In the evening, the baby moves around so much. The quality of the movement is different now that it has so little space. The movements feel more coordinated, as opposed to before when it would be an isolated little punch.
I woke up early and met my friend Lillian in a little patch of woods near my house, a secluded area with a stone labyrinth. I brought a silk robe, she brought some scarves. We had about a half-hour for her to take some sensual woodsy maternity photos. Why not? We gathered tulip poplar blossoms, and she gave me some socially distant directions behind the camera lens. Even if I don’t share the photos with anyone, it’s a simple way to rejoice in and capture my body’s changes if not for anyone else but myself.
There was a huge protest in Philadelphia today to demand justice for the murder of George Floyd, and to condemn police violence, though of course this moment was precipitated by a cascade of so much more. Breonna Taylor, Ahmaud Arbery, the calculated wielding of white supremacy by Amy Cooper; centuries and centuries of violence and oppression.
Many of my friends go to the protest. It feels unthinkable for me to put my body in a crowd right now. Simultaneously, I recognize how easy it is to sink into white complacency because I can use pregnancy as an excuse, use the distraction of new parenthood as an excuse. I would be given a pass if I did nothing right now.
I donate money to two bail funds, one in Philly and one in Minneapolis.
It’s almost June. When the pandemic started in March, I thought obsessively about June. I imagined that things might be better then. I imagined it would become easier to figure out who could hold the baby, who could come into our house, who could stay for a couple weeks in the guest room.
Today, I don’t feel any closer to having that information. Instead, cases are going up while rash decisions are being made about reopenings all over the country.
I found out the National Guard was called in to Philadelphia last night. I don’t know much about this baby that I’m having, but I know they will be white. What do I need to teach them about racism and their responsibility as a white person to work to dismantle it?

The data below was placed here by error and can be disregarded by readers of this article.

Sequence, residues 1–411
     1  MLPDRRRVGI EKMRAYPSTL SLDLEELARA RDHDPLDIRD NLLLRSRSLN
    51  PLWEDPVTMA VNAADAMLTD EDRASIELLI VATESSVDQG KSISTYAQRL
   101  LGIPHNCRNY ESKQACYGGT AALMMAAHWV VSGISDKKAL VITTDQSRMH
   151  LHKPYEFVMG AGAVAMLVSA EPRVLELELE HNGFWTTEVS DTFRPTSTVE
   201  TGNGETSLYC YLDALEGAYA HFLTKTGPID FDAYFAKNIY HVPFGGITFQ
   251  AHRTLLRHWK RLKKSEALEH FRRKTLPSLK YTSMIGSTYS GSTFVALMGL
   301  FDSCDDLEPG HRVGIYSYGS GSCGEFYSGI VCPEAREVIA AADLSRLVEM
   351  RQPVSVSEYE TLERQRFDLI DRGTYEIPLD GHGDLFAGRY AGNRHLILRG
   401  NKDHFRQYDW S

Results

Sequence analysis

How do I reconcile “wanting the best for my child” with the knowledge that the best schools and many of the safest communities are majority-white spaces rooted in systemic racism like segregation, redlining and white flight?
I woke up worried that the baby wasn’t moving as much as it had been a few days earlier. I called the midwife, and she said I could do a fetal kick count, or come in this morning for a non-stress test just to be sure. This seemed like the best option for peace of mind.
When I get to the birth center, they set me up in a loungey recliner. The baby’s heart rate gets printed out in jagged peaks and rapid valleys on a machine to my left. I call Jacob on the phone, and he walks to the window. We talk on the phone as we look at each other through the glass.
The midwife comes back and looks at the readout of the non-stress test. My baby is apparently very happy and healthy.
I talked to another friend for a while on the phone who is also pregnant — our due dates are about two weeks apart. Before the pandemic, it was a gift to be tracking this bodily experience with someone else, to help give language to the changes and experiences. Now it feels even more vital.
In the evening, I meet with my anti-racist accountability group over Zoom. We began meeting shortly after the 2016 presidential election to examine our role as white people living in a racist society.
After my call, Jacob makes me pad-sicles, a supposed postpartum necessity according to my friends. They’re frozen menstrual pads soaked in aloe and witch hazel.
I cut my hair in the bathroom with clippers. I’m afraid to let it get too long because I don’t think I’m going to have the ability to cut it for a while after the baby comes.
My 38-week appointment is this evening. As is routine now, once I get into the exam room, I call Jacob and put him on speaker.
We spend the majority of the appointment discussing my positive test screen for Strep B, innocuous to me but with potential serious consequences for the baby. I’ll have to be hooked up to an IV with antibiotics for about 20 minutes, but after that I’ll be able to move around freely until the next dose, four hours later. Not the end of the world, just likely an annoyance. A pediatrician will come and assess the baby before we are discharged home, and we have the option of being further monitored at the hospital across the street, although few women elect for that option.